Will a baseball team ever hit .300 again?

The 1921 Detroit Tigers hit .316 as a team, establishing an American League record that still stands.

Since 1901, it has happened 40 times.

Surprisingly, we have not seen it in over 65 years.

Will it ever happen again?

I am talking about a major league baseball team hitting at least .300 in a season.

The Detroit Tigers have accomplished the feat six times, the most of any club.

The Boston Red Sox were the last to do it, when they batted a collective .302 in 1950.

The Tigers first turned the trick in 1921. The game was undergoing a seismic change. It was the dawning of the age of Babe Ruth, who was swatting homers with great regularity in Upper Manhattan and across the land. The Deadball Era, meanwhile, was going the way of the horse and buggy.

Ty Cobb, however, was still roaming the outfield at Michigan and Trumbull. The 34-year-old hit .389 in ’21, which was not even good enough to lead the team. That honor belonged to fly chaser Harry Heilmann who finished at .394. Bobby Veach, at .338, rounded out Detroit’s dynamic outfield. The Tigers hit .316 that summer, establishing an all-time American League record that may never be broken. In 2016 only one individual Tiger hit that high—Miguel Cabrera—who hit .316 on the nose.

Baseball fans in the 1920’s saw plenty of offense, as home runs and batting averages were up across the board. Several teams hit .300 in a season. Detroit did it again in 1922, hitting .306. Cobb swatted the ball at a .401 clip, his third and final .400 season. In 1923, the Georgia Peach “slumped” to .340, but Heilmann picked up the slack, winning the batting title at .403, the only time in his career he would hit over .400. That Detroit squad hit an even .300, just below the Cleveland Indians, who batted .301 as a team, with Tris Speaker leading the way with a .380 mark.

The Tigers came close in 1924, winding up at .298. The following year, they batted .302. Once again, it was the outfield that shone brightest. Heilmann (.393) and Cobb (.378), were their usual stellar selves. The biggest surprise was a previously unknown 27-year-old left fielder named Absalom Holbrook Wingo, better known simply as “Red.” Wingo came out of nowhere to bat .370. It was one of the greatest fluke years in the history of the game. Wingo’s game was limited: he was atrocious with the glove, and lacked extra-base power. After playing only three more seasons in the majors, never hitting higher than .285, he disappeared into the minor leagues where he frequently hit over .300 against inferior competition.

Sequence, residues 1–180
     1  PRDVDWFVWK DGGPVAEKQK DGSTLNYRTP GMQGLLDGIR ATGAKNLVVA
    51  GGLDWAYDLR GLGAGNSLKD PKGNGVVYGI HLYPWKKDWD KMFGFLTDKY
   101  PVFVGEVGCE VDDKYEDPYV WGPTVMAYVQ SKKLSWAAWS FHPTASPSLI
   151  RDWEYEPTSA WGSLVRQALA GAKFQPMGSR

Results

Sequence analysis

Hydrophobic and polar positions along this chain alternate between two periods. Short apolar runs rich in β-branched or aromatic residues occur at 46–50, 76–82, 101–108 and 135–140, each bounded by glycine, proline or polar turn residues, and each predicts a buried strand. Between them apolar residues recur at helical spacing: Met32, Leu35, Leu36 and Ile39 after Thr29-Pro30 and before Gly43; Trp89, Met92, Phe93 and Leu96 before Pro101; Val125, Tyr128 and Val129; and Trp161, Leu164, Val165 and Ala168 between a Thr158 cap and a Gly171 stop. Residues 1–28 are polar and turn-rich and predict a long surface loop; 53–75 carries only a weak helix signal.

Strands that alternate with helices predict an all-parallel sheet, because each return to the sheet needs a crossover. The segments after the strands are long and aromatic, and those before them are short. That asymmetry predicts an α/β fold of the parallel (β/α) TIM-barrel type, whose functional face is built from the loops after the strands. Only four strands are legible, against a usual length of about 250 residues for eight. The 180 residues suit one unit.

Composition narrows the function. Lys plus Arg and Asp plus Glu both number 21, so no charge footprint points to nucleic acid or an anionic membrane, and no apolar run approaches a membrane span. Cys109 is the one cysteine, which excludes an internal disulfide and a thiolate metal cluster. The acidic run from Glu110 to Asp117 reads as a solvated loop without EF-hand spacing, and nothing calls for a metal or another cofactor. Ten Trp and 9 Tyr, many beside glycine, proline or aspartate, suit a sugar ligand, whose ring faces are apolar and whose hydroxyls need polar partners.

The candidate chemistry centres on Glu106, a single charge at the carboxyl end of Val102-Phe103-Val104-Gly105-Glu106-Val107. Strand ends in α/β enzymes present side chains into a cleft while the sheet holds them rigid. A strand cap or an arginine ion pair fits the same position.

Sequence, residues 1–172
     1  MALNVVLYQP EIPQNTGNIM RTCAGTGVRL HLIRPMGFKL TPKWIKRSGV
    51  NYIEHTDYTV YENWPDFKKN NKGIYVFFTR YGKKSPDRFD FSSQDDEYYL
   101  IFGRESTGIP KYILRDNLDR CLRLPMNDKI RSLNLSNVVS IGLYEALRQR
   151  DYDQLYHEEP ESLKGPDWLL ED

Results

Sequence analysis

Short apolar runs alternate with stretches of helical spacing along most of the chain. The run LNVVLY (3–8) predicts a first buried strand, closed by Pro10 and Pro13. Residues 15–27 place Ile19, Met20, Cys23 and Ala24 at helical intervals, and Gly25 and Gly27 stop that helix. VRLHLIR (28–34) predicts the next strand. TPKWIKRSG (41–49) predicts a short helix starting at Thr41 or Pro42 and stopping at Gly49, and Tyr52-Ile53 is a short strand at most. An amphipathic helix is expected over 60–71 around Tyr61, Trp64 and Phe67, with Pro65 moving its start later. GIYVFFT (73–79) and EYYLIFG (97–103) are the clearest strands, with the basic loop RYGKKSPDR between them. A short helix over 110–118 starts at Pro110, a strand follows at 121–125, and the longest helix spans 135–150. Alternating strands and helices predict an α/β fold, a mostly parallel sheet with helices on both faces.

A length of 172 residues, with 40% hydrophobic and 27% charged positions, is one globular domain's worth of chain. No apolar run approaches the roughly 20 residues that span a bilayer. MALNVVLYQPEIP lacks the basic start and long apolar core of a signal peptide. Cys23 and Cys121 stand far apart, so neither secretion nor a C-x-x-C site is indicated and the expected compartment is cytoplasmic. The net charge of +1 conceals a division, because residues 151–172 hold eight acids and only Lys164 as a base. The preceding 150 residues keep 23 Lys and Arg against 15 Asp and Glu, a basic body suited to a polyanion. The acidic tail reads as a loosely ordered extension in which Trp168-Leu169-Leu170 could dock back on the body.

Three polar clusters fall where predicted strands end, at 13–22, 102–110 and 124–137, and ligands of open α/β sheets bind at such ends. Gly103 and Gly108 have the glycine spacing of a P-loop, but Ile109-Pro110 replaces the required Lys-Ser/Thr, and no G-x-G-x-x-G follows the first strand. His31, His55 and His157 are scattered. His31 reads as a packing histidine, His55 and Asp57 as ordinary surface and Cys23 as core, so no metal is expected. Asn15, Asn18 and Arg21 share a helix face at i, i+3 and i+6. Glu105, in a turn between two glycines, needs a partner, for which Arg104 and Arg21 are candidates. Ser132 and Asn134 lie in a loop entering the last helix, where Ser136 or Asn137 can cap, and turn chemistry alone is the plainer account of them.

After going without a pennant since 1909, the Tigers finally reached the American League summit in 1934, a year that also saw them hit an even .300 to top the circuit. That team featured a well-balanced attack, led by second baseman Charlie Gehringer at .356. First baseman Hank Greenberg (.339), catcher Mickey Cochrane (.320), third baseman Marv Owen (.317), and outfielders Jo-Jo White (.313), Goose Goslin (.305), and Gee Walker (.300) could also rake. Schoolboy Rowe was probably the best-hitting pitcher of his time. On September 9 that year, Rowe started a game in which all nine hitters in the Detroit lineup boasted at least a .300 average.

Detroit lost to the St. Louis Cardinals in the World Series that year, and while they did not bat .300 in 1935, they did win the world championship by beating the Chicago Cubs. In ’36, the Tigers hit exactly .300 once again, although they finished far behind the American League champion New York Yankees, who also batted .300 that year. The Yanks had a pretty fair rookie by the name of Joe DiMaggio, who only hit .323 with 29 home runs and 125 runs driven in. Neither Detroit nor New York, however, led the league in hitting. Indeed, it was the Cleveland Indians at .304, who finished at the top. Their weak pitching, however, contributed to only a fifth-place finish in the eight-team league.

In the ensuing decades, a few teams have come somewhat close to hitting the magic .300 mark over a season (notably the Indians of the late 1990’s), but it has proven to be elusive.